Why Do We Write super(props) in React JS?
Why do we call super? Can we not call it? If we have to call it, what happens if we donâ€™t pass props?
Letâ€™s find out.
Imagine using this before super call was allowed. A month later, we might change bark to include the Animalâ€™s name in the message:
But we forgot that this.bark() is called before the super() call had a chance to set up this.name. So this.name isnâ€™t even defined yet! As you can see, code like this can be very difficult to think about.
This leaves us with another question: why pass props?
You might think that passing props down to super is necessary so that the base React.Component constructor can initialize this.props
So even if you forget to pass props to super(), React would still set them right afterwards. There is a reason for that.
When React added support for classes, it didnâ€™t just add support for ES6 classes alone. The goal was to support as wide range of class abstractions as possible. It was not clear how relatively successful would ClojureScript, CoffeeScript, ES6, Fable, Scala.js, TypeScript, or other solutions be for defining components. So React was intentionally unopinionated about whether calling super() is required â€” even though ES6 classes are.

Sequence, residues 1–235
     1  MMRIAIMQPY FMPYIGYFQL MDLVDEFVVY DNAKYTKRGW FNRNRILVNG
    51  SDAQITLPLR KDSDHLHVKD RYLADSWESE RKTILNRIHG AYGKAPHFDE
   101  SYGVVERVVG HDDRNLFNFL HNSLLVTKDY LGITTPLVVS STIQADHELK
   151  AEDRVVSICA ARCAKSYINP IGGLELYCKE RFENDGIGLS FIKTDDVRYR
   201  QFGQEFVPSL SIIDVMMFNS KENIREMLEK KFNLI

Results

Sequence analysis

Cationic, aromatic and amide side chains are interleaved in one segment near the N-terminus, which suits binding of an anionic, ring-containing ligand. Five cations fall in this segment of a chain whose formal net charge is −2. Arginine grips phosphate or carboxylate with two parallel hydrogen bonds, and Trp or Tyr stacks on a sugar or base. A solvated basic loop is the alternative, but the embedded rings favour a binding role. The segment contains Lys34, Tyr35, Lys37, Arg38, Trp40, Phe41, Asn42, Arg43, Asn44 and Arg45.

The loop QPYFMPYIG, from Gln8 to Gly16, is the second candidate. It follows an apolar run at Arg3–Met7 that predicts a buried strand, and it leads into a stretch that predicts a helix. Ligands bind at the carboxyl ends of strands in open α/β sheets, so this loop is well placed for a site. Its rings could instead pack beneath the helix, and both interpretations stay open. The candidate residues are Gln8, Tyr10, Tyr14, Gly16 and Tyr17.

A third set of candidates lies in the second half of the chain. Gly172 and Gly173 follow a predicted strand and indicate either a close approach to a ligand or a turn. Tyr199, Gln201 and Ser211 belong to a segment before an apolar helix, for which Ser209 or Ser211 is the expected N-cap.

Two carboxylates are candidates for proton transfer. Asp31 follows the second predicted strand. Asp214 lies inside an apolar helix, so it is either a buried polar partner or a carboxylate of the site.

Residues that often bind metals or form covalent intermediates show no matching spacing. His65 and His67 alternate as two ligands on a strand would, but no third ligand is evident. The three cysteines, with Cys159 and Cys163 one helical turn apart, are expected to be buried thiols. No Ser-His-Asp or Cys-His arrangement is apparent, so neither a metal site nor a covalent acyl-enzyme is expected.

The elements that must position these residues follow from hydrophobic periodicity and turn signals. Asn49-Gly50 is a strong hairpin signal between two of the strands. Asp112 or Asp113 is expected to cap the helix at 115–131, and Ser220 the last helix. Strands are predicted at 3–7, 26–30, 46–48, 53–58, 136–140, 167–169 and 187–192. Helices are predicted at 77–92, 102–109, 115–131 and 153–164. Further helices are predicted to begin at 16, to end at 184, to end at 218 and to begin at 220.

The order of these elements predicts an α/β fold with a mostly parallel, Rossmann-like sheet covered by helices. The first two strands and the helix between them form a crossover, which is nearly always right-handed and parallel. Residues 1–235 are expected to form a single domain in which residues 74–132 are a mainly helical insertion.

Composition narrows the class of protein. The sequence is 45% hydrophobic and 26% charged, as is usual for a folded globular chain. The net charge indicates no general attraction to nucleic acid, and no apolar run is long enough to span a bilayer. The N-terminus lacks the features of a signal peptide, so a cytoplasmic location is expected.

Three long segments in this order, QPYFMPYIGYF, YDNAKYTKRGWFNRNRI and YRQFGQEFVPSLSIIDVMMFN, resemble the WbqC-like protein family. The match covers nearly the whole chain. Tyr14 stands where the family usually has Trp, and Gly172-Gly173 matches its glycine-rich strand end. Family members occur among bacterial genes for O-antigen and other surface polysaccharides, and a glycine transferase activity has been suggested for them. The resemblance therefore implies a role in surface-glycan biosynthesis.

So does this mean you can just write super() instead of super(props)?
Probably not because itâ€™s still confusing. Sure, React would later assign this.props after your constructor has run. But this.props would still be undefined between the super call and the end of your constructor:
It can be even more challenging to debug if this happens in some method thatâ€™s called from the constructor. And thatâ€™s why I recommend always passing down super(props), even though it isnâ€™t strictly necessary:
This ensures this.props is set even before the constructor exits.
With Hooks, we donâ€™t even have super or this. But thatâ€™s a topic for another day.